Southern Poland is beautiful. High mountains, low valleys, obviously, hanging lakes and enough wildlife threats to make you want to have a trusty Dirty Harry Smith & Wesson Model 29 always present by your side. I don’t have a gun here, but you can buy them on Thor from the Czech Republic. I’m too cowardly to buy one because since it would cross a border it’s technically smuggling. And I’m far too pretty for jail. Seriously though, my father-in-law lives in a remote part of south-east Poland and it’s quite common to hear howling wolves at night and bear sightings are so common that they are barely mentioned.
Northern Poland has the sea and some beautiful seaside towns. Look up a place called Hel, a wee place on that wee peninsula that sticks out of the top of Poland. Middle Poland is pretty boring though, it’s as flat as a witch’s tit and twice as boring. It’s got Warsaw but that’s about it. Warsaw’s a weird one too. Totally levelled but the bastard Nazis the Poles, instead of building a new modern city from scratch, choose to try and recreate parts of it from paintings. It’s a mess of a city. Some of it is mighty, some of it you wouldn’t send an enemy into. It does have some great sites though, but that’s what tourist brochures are for.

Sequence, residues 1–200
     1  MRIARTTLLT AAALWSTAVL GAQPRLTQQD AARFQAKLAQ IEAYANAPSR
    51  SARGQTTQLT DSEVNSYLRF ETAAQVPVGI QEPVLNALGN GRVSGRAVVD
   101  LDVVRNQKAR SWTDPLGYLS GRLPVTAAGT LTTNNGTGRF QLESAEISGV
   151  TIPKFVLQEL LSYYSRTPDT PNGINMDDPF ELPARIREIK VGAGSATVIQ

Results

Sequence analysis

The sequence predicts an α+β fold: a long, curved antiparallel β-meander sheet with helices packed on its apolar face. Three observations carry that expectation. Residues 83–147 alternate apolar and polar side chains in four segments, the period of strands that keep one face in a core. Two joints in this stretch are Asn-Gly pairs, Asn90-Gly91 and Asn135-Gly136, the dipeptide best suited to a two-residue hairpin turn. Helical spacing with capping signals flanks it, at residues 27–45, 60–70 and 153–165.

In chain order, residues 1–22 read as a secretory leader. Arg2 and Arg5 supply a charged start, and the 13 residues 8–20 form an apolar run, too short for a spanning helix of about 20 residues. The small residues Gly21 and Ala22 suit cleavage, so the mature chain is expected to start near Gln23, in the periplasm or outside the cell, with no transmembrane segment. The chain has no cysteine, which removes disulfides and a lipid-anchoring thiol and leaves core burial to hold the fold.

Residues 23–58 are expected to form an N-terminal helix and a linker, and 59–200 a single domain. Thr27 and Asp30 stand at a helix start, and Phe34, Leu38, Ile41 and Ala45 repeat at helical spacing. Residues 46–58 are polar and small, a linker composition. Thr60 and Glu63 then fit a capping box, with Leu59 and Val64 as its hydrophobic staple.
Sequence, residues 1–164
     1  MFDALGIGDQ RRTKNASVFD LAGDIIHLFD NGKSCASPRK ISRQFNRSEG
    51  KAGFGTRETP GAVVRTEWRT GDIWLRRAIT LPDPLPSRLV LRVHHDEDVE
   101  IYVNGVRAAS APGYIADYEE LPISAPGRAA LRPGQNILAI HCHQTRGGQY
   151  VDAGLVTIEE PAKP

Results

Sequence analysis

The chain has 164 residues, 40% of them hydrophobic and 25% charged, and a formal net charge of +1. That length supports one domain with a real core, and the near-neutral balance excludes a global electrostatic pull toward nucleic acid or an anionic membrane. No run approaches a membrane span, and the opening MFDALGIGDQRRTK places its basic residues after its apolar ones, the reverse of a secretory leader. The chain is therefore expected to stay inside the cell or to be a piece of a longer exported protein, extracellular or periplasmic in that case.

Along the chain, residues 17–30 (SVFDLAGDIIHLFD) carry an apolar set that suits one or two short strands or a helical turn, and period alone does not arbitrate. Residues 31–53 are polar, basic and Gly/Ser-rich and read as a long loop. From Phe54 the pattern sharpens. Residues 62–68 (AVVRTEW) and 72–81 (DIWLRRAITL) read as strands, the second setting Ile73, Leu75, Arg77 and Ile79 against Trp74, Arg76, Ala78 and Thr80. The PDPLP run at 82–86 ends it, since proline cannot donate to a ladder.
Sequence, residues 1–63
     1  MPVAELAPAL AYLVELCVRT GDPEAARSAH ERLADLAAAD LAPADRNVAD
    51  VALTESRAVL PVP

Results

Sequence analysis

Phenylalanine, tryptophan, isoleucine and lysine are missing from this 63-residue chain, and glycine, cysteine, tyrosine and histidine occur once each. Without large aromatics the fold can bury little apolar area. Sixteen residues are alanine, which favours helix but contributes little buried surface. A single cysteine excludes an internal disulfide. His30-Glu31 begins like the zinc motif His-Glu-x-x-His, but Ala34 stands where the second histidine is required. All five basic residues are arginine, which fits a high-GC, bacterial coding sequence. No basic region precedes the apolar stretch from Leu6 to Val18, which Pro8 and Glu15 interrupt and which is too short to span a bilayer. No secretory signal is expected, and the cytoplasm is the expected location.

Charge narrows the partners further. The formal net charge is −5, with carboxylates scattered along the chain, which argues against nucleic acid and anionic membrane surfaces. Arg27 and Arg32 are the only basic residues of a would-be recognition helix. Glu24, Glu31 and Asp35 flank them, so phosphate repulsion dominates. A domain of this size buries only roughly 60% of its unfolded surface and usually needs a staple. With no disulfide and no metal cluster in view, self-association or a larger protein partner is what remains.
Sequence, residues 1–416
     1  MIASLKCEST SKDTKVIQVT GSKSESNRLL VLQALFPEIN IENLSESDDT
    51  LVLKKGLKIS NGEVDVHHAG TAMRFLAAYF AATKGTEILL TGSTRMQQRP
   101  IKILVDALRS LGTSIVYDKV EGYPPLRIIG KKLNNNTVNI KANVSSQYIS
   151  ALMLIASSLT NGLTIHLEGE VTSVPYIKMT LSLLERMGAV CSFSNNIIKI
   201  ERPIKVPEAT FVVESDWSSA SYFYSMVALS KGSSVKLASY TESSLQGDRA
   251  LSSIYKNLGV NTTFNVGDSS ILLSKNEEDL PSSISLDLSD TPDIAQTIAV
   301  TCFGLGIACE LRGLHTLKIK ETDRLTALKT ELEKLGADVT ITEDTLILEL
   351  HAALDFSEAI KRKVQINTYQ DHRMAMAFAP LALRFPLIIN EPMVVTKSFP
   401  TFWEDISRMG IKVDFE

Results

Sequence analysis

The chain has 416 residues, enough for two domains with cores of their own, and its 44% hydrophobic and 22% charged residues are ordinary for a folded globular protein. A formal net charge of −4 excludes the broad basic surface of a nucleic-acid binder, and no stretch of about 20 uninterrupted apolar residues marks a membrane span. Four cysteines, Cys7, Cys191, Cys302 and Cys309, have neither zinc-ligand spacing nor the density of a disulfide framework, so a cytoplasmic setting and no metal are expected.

Technology, Culture & Science
When it comes to the above, Poland, much like Ireland, punches way above its weight. OK, Ireland has a history as old as Ancient Egypt. Newgrange is 5000 years old, as are the major Egyptian pyramids. The island had an advanced society and culture by then, and it goes back way further than that. So y’know, we’ve got at least a 4000-year head start on Poland but we’ve both contributed hugely to the sciences and arts over the centuries. It’s something both countries should be very proud of and not forget about. I’m not going to list Irish contributions, but without Poland we’d have had no Marie Curie, Frederick Chopin, Miko?aj Kopernik (that’s Copernicus written properly), Zdzis?aw Beksi?ski, Adam Marczy?ski two insanely genius-like artists if you don’t know them. Mr. Nivea, Oskar Troplowitz, was from just down the road from me and, of course, Julius Fromm, the inventor of the modern-day condom. And can you imagine how over populated this stupid planet would be without him? Literally, thank fuck for him.
It’s all too easy to dismiss Poland, as it is with Ireland. Ask the average European something about Ireland and they’ll say we’re famous for the IRA and Guinness, while Poland is famous because that’s where WWII started. We’re both pretty insignificant in the grand auld scheme of geo-politics but both countries are awash with history and culture to be proud of and they’re way more fun to talk about than what boring men in boring suits talk about at boring meetings.
This week on The Comedy Cast I speak to American comedian, former mafia enforcer and WWE wrestler Liam Breunle on Monday 15th and on Thursday 18th I speak to a rising talent on the Irish comedy scene, Damien Kiely. On my YouTube channel, I’ve got video versions of the podcasts and Trailer Trash and The Weekly Viral are out every Wednesday and Friday too.